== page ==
Regarding the latter, FICCI’s experts, who went out to hold detailed consultations in coastal India, returned with very useful inputs from policy experts and practitioners at the grassroots level in three states – Kerala, Gujarat and Andhra Pradesh. The one common message from a series of interactions is this: informed and purposeful proactivism is needed to assist our coastal states with best global practices, technology, management expertise and investment.

Opportunities in the domain of the Blue Economy have been classified into nine specific sectors, a substantial increase from the five sectors identified by the 2017 Knowledge Paper. The new study outlines, in some detail, as to where the potential lies in divergent sectors, namely i) fisheries and aquaculture, ii) port and shipping, iii) marine and coastal tourism, iv) offshore renewal energy, v) offshore energy i.e. oil and gas, vi) marine biotechnology and pharmaceuticals, vii) IT-driven marine innovation, viii) insurance and legal services, and ix) deep seabed mining.

Finally, some of the key recommendations made by this study deserve to be highlighted here. Among those designed to improve the institutional framework figures the recommendation to create, in the medium term, a full-pledged Ministry of Blue Economy, and, in the short term, ‘an effective institutional mechanism for coordination and leadership’. It also calls for the setting up of ‘India Blue Economy Forum’, comprising representatives of governments, business and private sector experts.

Its sectoral recommendations include measures to explore and popularise Green and Blue Bonds, undertaking focused studies on the marine leisure industry and role of Industry 4.0 technologies, and adoption of ecosystem-driven approaches to fish stock management. While commercial deep seabed mining may not take place in the near future, preparations for legal and contractual formalities should be undertaken. Besides, a number of useful and practical steps to enhance industry engagement with the Blue Economy have been suggested.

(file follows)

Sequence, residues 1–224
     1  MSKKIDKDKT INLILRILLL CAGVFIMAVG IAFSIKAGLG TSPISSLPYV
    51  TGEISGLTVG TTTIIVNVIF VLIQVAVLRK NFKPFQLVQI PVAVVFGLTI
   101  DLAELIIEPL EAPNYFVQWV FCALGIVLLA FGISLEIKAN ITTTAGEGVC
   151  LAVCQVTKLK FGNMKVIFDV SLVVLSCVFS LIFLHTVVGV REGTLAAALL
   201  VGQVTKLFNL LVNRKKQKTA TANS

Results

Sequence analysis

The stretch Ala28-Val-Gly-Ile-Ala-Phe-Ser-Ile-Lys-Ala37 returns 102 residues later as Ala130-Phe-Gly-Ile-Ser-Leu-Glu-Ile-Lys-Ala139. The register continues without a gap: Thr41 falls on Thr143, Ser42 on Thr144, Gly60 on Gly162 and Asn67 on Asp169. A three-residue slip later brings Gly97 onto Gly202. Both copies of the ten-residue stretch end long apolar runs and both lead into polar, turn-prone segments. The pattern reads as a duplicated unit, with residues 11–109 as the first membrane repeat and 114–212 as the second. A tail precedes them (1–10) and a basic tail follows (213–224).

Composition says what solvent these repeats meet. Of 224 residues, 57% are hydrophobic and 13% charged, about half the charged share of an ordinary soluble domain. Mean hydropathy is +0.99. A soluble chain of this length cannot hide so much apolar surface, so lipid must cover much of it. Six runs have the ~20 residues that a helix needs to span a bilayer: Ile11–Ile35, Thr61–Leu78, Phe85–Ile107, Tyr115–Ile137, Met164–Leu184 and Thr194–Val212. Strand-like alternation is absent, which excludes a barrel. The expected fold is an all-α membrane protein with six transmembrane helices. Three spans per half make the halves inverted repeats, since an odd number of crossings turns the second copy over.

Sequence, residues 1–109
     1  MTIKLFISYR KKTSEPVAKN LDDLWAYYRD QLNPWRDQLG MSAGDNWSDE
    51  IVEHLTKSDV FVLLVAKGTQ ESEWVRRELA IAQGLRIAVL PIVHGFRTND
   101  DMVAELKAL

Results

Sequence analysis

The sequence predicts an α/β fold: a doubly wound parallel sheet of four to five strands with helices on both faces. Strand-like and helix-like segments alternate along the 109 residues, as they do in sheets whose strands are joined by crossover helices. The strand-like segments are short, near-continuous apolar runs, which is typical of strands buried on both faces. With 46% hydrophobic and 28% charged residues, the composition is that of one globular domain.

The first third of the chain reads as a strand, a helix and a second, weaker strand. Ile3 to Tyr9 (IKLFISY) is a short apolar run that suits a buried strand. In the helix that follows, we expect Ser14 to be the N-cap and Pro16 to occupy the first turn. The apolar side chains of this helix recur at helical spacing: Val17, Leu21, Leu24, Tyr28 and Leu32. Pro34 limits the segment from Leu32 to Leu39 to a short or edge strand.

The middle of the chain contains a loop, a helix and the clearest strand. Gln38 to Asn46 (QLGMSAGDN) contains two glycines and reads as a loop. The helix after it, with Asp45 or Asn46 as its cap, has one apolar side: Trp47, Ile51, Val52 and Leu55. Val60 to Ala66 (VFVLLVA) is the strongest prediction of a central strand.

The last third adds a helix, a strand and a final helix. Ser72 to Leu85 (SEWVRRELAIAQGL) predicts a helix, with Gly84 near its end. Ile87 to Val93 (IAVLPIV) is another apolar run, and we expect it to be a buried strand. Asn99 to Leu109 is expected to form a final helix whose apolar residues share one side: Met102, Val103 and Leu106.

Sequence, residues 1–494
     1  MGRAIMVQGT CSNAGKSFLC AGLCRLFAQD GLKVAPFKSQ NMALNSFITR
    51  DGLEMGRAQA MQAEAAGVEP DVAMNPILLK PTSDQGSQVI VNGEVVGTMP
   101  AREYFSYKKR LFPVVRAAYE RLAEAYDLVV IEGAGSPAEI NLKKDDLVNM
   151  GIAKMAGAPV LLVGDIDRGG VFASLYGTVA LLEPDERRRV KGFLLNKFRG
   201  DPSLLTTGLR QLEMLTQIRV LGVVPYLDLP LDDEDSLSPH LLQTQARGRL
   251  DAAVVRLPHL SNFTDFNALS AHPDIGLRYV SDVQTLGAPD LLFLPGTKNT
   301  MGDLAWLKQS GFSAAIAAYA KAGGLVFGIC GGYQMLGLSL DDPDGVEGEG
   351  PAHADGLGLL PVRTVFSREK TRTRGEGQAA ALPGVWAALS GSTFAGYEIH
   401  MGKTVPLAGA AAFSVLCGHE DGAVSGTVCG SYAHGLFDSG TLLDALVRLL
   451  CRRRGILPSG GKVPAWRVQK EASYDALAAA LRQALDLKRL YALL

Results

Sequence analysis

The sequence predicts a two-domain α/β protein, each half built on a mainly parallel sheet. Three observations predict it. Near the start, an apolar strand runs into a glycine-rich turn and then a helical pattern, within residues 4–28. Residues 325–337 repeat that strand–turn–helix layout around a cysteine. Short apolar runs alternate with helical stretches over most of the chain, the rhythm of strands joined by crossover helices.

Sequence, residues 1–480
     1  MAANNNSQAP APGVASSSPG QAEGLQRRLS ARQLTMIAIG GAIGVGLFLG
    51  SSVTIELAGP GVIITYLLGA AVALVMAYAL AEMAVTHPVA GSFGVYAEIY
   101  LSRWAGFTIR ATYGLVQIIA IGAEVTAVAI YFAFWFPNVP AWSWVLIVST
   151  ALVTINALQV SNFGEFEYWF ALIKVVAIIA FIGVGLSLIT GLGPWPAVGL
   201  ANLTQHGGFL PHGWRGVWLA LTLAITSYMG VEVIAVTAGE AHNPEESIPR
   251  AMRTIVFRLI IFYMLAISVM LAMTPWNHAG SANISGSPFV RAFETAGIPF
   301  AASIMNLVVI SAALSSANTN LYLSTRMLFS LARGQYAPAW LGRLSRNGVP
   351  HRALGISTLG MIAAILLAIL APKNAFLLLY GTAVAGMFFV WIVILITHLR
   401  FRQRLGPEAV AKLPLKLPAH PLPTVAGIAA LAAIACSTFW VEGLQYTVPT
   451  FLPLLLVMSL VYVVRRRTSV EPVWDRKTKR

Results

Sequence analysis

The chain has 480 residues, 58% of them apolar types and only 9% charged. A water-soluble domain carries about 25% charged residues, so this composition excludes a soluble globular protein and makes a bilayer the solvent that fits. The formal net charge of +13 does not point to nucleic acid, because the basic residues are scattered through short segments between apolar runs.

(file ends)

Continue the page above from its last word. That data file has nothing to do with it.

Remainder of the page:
In this regard, I should emphasise FICCI’s seminal role. While increasing its cooperation with all relevant stakeholders, it should consider crafting a suitable promotion programme on the Blue Economy for the next three years, a period in which India is certain to be highly proactive in various fora, such as the Indian Ocean Rim Association (IORA), the India Africa Forum Summit, Brazil Russia India China and South Africa (BRICS) and G20. It is hoped that the government, particularly the Ministry of External Affairs, will extend necessary support and encouragement to FICCI in this vital mission.

In the end, may I express, on behalf of the authors of the report, our earnest hope that the government, industry, experts and media will pay ample attention to our findings. May the study trigger debate and suitable action at policy levels that result in enhanced public-private partnership arrangements at the national level and expansion of India’s engagement with its willing partners around the globe.

Rajiv Bhatia is Distinguished Fellow, Foreign Policy Studies Programme, Gateway House. As a former Ambassador of India and senior official in the Ministry of External Affairs, he served in/dealt with seven Indian Ocean Rim countries: South Africa, Kenya, Indonesia, Bangladesh, Myanmar, Sri Lanka and Maldives.

These remarks were given at the launch of FICCI’s study on ‘Blue Economy – Global Best Practices: Takeaways for India and Partner Nations’ in New Delhi’.